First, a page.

Jo Ingles

Jo Ingles is a professional journalist who covers politics and Ohio government for the Ohio Public Radio and Television for the Ohio Public Radio and Television Statehouse News Bureau. She reports on issues of importance to Ohioans including education, legislation, politics, and life and death issues such as capital punishment.

After working for more than a decade at WOSU-AM, Jo was hired by the Ohio Public Radio/TV News Bureau in 1999. Her work has been featured on national networks such as National Public Radio, Marketplace, the Great Lakes Radio Consortium and the BBC. She is often a guest on radio talk shows heard on Ohio’s public radio stations. In addition, she’s a regular guest on WOSU-TV’s “Columbus on the Record” and ONN’s “Capitol Square”. Jo also writes for respected publications such as Columbus Monthly and the Reuters News Service.

She has won many awards for her work across all of those platforms. She is currently the president of the Ohio Radio and TV Correspondent’s Association, a board member for the Ohio Legislative Correspondent’s Association and a board member for the Ohio Associated Press Broadcasters. Jo also works as the Media Adviser for the Ohio Wesleyan University Transcript newspaper and OWU radio.

A program that helps working families in Ohio afford health care for their children with serious medical conditions is in limbo right now. 

Ohio Department of Transportation

Columbus City Schools, along with many schools throughout the state, are closing early because of ice and snow expected later this afternoon. Ohio Department of Transportation crews are already preparing for the storm, which could blanket Ohio in up to five inches of snow by Saturday.

Many schools throughout the state are closing early because the ice and snow is expected later this afternoon. Ohio Department of Transportation crews are preparing for it.

When State Treasurer Josh Mandel dropped out of the U.S. Senate race last week, questions were raised about whether one of the Republicans in the crowded field for Governor would step up to run in that contest. Now that's happened.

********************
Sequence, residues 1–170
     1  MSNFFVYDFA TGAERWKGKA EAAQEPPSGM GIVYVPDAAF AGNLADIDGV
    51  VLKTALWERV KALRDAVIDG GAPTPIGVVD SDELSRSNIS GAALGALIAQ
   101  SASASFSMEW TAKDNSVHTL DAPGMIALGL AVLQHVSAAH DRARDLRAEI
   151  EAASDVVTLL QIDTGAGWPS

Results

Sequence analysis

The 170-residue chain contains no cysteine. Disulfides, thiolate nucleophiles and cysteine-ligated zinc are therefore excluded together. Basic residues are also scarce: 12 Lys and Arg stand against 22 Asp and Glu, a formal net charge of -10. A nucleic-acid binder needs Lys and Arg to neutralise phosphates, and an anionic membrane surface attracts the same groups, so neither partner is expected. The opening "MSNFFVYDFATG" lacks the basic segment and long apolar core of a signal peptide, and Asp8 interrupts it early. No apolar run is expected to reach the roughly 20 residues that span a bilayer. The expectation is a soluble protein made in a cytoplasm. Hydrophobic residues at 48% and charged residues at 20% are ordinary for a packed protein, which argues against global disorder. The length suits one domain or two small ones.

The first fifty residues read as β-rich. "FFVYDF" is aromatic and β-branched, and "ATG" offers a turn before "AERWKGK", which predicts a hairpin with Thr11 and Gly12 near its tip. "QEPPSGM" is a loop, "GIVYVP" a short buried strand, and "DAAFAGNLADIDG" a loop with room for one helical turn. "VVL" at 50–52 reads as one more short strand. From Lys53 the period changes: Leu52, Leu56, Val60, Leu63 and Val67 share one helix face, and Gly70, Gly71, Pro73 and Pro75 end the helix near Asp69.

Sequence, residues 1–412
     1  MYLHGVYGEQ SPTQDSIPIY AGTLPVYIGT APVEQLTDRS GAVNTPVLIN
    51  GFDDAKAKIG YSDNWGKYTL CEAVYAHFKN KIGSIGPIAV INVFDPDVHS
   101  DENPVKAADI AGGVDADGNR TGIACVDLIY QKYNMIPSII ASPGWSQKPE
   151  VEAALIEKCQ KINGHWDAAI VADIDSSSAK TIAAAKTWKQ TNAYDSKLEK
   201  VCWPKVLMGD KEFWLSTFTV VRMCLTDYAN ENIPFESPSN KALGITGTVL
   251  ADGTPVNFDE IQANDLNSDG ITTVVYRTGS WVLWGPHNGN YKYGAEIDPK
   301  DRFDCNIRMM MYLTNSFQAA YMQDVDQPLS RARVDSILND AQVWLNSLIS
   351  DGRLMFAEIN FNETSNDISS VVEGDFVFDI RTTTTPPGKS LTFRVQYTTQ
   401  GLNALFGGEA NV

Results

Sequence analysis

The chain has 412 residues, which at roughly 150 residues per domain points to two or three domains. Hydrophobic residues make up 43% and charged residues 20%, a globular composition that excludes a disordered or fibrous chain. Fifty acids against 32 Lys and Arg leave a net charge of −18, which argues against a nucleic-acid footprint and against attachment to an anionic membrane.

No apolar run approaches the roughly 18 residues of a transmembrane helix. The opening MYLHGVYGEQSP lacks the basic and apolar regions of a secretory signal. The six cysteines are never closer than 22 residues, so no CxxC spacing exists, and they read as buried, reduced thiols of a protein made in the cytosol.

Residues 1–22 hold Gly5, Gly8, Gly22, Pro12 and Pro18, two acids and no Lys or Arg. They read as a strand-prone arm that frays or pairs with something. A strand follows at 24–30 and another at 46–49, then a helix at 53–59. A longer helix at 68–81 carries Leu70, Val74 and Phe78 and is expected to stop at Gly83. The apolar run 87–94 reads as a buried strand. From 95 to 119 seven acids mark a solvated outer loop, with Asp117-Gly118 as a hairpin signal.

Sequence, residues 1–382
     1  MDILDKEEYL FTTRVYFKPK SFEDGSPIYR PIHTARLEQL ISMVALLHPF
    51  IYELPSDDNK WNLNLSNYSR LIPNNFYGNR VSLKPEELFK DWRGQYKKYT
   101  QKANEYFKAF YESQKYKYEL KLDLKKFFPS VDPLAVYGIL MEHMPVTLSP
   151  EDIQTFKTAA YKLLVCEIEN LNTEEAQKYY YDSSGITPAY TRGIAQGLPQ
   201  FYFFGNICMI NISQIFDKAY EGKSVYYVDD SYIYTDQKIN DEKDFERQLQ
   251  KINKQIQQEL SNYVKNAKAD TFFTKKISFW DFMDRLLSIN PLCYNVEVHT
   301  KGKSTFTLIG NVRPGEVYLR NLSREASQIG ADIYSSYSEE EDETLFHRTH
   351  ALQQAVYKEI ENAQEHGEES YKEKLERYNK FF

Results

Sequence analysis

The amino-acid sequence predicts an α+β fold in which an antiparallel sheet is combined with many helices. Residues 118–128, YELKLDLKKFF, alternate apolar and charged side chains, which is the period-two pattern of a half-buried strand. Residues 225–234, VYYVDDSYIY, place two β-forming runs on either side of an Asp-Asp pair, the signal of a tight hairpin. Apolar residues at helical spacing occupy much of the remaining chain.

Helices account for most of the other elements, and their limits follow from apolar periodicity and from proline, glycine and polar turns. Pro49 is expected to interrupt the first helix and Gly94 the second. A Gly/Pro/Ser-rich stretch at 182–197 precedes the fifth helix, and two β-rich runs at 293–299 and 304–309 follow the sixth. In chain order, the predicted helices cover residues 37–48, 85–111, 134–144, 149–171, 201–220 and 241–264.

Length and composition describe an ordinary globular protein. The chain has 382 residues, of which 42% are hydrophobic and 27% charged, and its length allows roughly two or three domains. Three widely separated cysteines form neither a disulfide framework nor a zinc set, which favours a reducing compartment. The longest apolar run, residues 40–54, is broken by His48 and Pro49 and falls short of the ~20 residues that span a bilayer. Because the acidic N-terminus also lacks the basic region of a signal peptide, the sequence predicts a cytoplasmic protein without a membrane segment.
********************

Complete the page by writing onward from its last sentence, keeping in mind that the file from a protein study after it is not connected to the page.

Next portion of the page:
Wikipedia Commons

A bill that would specify how the fetal remains, which are a result of abortions, are handled has made it over another hurdle, passing a Senate committee on a party-line vote.

A bill that would specify the handling of fetal remains that are a result of abortions has made it over another hurdle. The bill passed a Senate committee on a party-line vote.

Dake Kang / Associated Press

As the Ohio governor's race heats up, candidates on both the Democratic and Republican sides are teaming up in hopes of standing out in crowded primary fields. Democrats Richard Cordray and Bill O'Neill and Republican Mary Taylor all planned to announce their running mates this week.

Republican Lieutenant Governor Mary Taylor has said she’s staying in the race for governor, and tomorrow will formally announce her pick for a running mate. 

The only Democrat on the Ohio Supreme Court is further making clear that his plans are firm – that he will leave the bench and stay in the crowded race for governor. 

Mike Gibbons

The remaining Republican running for U.S. Senate wants to show he’s serious about his bid to win the GOP’s nomination, and ready to take on Democratic incumbent Sherrod Brown this fall.

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